Lavomatic recently announced they would be closing July 15-26 for renovations and to roll out a new menu. Perhaps a revamped rooftop bar is also in the plans? Time will tell. On a side note, why don’t we have more rooftop spots in downtown? Ponder that while I move on to our next category.

Best Courtyard in OTR That a Surprisingly Large Number of People Don’t Know About

The Iris Café on Main Street has an urban oasis/garden in its back patio which is the perfect space to escape the hubbub of the city outside. Accessed by walking through the bookstore/café, the vine-covered walls and unique art installation is the perfect space to enjoy a bowl of soup and peruse a random book from the shelves.

Best Downtown Happy Hour Bargain

Since it opened, the Righteous Room on Walnut has been unparalleled in having the best Happy Hour downtown. Like its fellow 4EG establishment in OTR, the Lackman, the Righteous Room features high-quality taps and spirits.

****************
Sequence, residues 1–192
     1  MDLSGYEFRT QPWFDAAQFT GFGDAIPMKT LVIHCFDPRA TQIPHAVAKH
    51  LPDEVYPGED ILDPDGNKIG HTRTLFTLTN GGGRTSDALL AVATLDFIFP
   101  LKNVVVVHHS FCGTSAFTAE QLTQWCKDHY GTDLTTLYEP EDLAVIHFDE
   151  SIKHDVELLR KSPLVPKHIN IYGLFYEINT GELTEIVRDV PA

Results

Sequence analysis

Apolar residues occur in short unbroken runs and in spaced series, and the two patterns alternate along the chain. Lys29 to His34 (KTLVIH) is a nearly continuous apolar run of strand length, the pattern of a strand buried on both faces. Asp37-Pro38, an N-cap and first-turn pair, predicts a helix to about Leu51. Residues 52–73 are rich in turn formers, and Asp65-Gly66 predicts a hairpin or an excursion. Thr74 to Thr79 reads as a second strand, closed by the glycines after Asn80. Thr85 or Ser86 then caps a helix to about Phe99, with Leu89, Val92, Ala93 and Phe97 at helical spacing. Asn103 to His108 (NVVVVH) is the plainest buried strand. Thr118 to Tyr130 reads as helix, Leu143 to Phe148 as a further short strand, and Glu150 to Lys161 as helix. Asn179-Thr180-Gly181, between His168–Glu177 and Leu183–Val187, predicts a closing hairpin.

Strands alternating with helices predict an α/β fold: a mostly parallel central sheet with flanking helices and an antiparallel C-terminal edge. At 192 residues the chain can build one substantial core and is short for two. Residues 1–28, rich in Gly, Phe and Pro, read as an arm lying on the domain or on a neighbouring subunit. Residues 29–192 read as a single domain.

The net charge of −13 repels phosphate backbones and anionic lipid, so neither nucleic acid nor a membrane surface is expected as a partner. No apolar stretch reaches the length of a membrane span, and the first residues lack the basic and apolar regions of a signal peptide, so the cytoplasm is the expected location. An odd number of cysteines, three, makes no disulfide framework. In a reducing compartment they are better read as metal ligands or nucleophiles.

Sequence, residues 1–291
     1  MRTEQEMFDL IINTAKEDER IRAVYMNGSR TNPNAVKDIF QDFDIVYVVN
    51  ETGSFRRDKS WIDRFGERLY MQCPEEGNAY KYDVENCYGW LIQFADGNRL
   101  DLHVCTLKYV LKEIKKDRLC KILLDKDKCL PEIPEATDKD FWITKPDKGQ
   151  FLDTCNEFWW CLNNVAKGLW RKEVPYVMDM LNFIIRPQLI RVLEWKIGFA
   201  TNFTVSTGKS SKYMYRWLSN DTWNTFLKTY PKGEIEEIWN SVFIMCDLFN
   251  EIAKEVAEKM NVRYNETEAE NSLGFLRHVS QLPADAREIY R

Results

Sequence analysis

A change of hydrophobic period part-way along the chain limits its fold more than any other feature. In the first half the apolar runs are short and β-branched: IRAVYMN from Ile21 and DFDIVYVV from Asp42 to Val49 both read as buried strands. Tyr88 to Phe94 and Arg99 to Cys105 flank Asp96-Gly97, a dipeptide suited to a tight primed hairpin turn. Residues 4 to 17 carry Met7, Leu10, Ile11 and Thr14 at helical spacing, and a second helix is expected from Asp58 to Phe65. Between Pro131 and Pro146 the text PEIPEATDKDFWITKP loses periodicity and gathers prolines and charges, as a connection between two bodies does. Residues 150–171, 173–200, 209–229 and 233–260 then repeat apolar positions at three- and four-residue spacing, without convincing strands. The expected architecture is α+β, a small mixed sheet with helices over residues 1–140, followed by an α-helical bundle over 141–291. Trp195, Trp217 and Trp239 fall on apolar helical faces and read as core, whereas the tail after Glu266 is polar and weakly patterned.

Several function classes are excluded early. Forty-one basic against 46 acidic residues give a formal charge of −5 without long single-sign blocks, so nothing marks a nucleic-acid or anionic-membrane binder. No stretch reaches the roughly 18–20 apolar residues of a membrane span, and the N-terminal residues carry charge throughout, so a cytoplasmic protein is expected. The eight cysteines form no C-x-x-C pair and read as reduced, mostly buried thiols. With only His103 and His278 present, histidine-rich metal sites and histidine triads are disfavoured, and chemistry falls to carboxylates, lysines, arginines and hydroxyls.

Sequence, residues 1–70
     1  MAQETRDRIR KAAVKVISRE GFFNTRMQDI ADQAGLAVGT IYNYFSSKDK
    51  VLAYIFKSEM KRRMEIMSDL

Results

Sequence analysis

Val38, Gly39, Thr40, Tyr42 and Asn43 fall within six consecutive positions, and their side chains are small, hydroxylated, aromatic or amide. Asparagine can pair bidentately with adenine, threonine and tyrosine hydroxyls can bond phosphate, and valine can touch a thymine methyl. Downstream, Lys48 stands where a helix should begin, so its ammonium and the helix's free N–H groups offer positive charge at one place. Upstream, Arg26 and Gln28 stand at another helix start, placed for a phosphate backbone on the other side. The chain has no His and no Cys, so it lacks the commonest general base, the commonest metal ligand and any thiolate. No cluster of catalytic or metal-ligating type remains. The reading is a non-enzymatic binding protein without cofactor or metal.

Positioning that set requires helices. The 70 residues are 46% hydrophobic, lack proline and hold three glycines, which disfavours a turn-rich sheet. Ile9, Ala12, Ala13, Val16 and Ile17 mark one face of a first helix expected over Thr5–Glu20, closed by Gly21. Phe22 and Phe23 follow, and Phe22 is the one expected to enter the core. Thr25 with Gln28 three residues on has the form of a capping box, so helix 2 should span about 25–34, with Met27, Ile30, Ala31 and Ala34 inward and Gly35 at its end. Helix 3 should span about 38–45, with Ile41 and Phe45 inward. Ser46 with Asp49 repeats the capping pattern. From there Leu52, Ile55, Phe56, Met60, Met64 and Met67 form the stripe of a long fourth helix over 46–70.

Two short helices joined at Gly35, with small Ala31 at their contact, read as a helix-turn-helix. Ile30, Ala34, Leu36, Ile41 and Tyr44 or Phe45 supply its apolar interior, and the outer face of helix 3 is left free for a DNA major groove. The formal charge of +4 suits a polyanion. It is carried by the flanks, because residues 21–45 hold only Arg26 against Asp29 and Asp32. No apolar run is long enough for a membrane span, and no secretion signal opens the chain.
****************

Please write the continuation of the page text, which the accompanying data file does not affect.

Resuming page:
With 50 percent off from 4 to 8 pm, it is a steal, which may explain why the tiny space is often compared to the contents of a sardine can.

So there you have it—one resident’s Highly Subjective, Sometimes Eccentric, Oftentimes Random Insider’s Guide to Over the Rhine and Downtown. While spatial limitations in these very virtual pages prevent me from continuing, let me tell you, I’m just getting started.

Check out the above options and let the crew here at Soapbox know about your favorites that I may have overlooked (or just didn’t get to…yet).

Read more articles by Casey Coston.

Soapbox columnist Casey Coston, a former corporate bankruptcy and restructuring attorney, is now involved in real estate development and construction in and around Over-the-Rhine and Pendleton as Vice President at Urban Expansion. He's also a civic activist and founder of a number of local groups, including the Urban Basin Bicycle Club, the Cincinnati Stolen Bike Network, the World Famous OTR Ping Pong League and LosantiTours: An Urban Exploration Company.